Theories of agricultural land use intensity Data The literature on agricultural land intensiﬁcation provides explanations about the pathways through which these factors related to urban expansion affect the intensity of agricultural land use, and about other major factors contributing to intensiﬁcation of land use. However, no study has empirically studied the links between urban expansion and agricultural land use intensity. Urban expansion on agricultural land is associated with changes in the level of land scarcity and off-farm opportunities. The classical land intensiﬁcation theory is based on a unidirectional process of intensiﬁcation of land use in response to locally driven increased demands for land-based products and services (Boserup, 1965). The underlying assumption here is that land use intensity is based on a ﬁnite amount of land. Boserup’s theory and others (Chayanov, 1966; Darity, 1980; Robinson and Schutjer, 1984) describe the long-term process of land use intensiﬁcation as driven by population pressure and land scarcity, which endogenously induces technological and institutional innovations to raise agricultural output from the given land. The validity of the theory is conﬁrmed by a large amount of evidence from the broad agrarian change history. Under the pressure of population growth, a shift from extensive to relative intensive systems of land use has been witnessed in almost every part of the world (Boserup, 1965). This explanation of land use transitions emphasizes the relationship between demand and land resources. Based on this explanation, it is anticipated that both increased demand caused by population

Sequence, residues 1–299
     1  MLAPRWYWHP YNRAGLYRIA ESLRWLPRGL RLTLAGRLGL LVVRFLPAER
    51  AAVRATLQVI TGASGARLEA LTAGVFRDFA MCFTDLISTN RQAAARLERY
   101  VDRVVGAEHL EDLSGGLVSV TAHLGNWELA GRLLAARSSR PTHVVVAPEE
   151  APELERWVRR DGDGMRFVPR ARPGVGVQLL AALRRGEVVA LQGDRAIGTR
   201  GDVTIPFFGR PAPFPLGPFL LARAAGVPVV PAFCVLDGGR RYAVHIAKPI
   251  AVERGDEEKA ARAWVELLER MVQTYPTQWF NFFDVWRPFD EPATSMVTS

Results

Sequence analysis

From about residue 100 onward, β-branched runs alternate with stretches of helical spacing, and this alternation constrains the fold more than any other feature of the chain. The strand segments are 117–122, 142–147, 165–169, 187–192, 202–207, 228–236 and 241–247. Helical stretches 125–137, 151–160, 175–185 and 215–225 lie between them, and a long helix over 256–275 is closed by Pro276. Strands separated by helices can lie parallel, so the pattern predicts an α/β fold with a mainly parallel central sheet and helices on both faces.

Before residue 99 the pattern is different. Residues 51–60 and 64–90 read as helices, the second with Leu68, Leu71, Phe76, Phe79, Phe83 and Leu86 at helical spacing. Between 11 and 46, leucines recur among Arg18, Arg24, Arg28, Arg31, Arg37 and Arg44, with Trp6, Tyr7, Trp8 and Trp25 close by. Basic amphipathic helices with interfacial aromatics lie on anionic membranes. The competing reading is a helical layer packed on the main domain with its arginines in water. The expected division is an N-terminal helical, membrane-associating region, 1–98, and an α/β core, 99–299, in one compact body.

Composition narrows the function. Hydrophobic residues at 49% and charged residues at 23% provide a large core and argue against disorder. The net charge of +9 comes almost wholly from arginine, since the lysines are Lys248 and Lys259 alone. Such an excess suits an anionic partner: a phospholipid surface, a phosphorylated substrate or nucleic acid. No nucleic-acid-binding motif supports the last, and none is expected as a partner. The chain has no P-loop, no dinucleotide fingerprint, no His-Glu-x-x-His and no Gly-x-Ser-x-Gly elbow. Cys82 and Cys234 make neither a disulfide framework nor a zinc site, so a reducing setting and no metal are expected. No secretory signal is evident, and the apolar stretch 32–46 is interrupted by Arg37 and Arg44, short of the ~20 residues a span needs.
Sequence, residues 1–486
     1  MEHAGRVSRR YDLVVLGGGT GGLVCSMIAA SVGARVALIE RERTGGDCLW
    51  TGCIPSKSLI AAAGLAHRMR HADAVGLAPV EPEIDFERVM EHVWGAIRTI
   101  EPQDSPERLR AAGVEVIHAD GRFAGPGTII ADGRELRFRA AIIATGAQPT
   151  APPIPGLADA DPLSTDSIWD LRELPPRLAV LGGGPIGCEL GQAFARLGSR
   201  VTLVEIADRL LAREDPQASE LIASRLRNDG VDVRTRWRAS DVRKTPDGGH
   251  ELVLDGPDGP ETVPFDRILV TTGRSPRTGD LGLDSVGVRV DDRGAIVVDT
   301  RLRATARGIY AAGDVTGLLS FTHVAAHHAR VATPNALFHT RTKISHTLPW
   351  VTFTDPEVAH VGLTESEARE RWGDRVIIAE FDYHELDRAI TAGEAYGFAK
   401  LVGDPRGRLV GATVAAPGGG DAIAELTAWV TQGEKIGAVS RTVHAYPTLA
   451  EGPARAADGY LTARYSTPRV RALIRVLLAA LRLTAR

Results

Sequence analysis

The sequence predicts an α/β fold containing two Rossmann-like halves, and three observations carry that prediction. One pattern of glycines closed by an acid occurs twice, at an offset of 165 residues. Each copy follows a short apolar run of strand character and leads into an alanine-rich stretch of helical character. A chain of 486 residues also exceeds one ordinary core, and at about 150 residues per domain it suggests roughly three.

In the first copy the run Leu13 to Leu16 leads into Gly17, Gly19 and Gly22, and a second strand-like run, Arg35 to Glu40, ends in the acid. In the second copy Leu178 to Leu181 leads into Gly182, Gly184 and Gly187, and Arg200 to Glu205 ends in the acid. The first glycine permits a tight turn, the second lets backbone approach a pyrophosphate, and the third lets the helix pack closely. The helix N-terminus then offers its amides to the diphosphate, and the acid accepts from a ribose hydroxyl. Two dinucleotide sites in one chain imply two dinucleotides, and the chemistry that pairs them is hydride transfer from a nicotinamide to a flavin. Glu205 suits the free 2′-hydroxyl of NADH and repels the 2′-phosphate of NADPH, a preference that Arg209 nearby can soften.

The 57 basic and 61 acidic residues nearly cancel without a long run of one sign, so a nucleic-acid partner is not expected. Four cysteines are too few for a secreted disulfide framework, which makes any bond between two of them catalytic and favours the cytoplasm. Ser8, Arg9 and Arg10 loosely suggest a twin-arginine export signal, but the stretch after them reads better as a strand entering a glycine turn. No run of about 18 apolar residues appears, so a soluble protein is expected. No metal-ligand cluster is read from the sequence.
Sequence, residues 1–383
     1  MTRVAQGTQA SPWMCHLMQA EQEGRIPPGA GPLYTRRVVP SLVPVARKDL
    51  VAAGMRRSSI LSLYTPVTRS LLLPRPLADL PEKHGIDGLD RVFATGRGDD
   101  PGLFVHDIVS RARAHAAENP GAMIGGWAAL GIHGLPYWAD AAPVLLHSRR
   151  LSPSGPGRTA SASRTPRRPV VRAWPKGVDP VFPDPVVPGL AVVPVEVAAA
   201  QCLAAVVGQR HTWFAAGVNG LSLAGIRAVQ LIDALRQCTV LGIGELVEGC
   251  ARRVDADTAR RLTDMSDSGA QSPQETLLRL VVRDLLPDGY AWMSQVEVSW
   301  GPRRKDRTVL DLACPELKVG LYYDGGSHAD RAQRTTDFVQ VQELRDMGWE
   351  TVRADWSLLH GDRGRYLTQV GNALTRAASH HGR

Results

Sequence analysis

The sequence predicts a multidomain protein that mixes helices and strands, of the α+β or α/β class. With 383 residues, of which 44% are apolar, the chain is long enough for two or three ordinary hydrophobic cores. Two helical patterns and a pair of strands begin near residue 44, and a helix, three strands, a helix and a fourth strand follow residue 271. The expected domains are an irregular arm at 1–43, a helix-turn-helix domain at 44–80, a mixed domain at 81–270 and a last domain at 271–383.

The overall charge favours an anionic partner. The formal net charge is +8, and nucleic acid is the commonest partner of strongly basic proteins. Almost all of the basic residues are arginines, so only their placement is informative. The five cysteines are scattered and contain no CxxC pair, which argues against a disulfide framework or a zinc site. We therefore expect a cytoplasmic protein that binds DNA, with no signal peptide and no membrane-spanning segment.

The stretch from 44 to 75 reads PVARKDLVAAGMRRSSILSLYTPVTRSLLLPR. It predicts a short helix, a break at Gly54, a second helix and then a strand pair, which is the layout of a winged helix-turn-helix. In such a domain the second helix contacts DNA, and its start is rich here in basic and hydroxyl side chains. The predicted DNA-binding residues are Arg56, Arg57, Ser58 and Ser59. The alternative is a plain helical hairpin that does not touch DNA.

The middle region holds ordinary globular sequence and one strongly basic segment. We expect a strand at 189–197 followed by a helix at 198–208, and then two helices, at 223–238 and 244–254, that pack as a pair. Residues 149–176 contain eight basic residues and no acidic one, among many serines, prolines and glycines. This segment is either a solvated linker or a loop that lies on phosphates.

Agricultural land use intensity is commonly measured in three ways: (1) cropping frequency for a constant unit of land and time period, (2) agricultural outputs per unit land per unit time, or (3) inputs of capital, labor and skills that contribute to agricultural production (Brookﬁeld, 1972; Turner and Doolittle, 1978). We use cropping frequency as a measure of agricultural land use intensity, a direct measurement about how frequently land is cultivated. Cropping frequency has been used as a measurement of land use intensity in both theoretical literature (Boserup, 1965) and empirical studies (Li and Wang, 2003; Liu and Li, 2006). There are a couple of reasons why we use cropping frequency. First, this study focuses on understanding changes in the management of agricultural land rather than yield increase. Agricultural economists have extensively studied yield increase, the outcome of agricultural land use intensiﬁcation, in relation to management practices and conditions using production functions (Huang and Rozelle, 1995; Yao and Liu, 2008). However, few studies have revealed the factors and mechanism that lead to changes in land use management (Lambin et al., 2000). Second, measures in value of production (e.g. total value of output and total production cost) at the county level are either not available or inconsistent (Fan and Zhang, 2002). Third, because of the geographic and cultural diversity in China, there are considerable variations in crop structure across regions. For example, with the same grain output, the composition of output among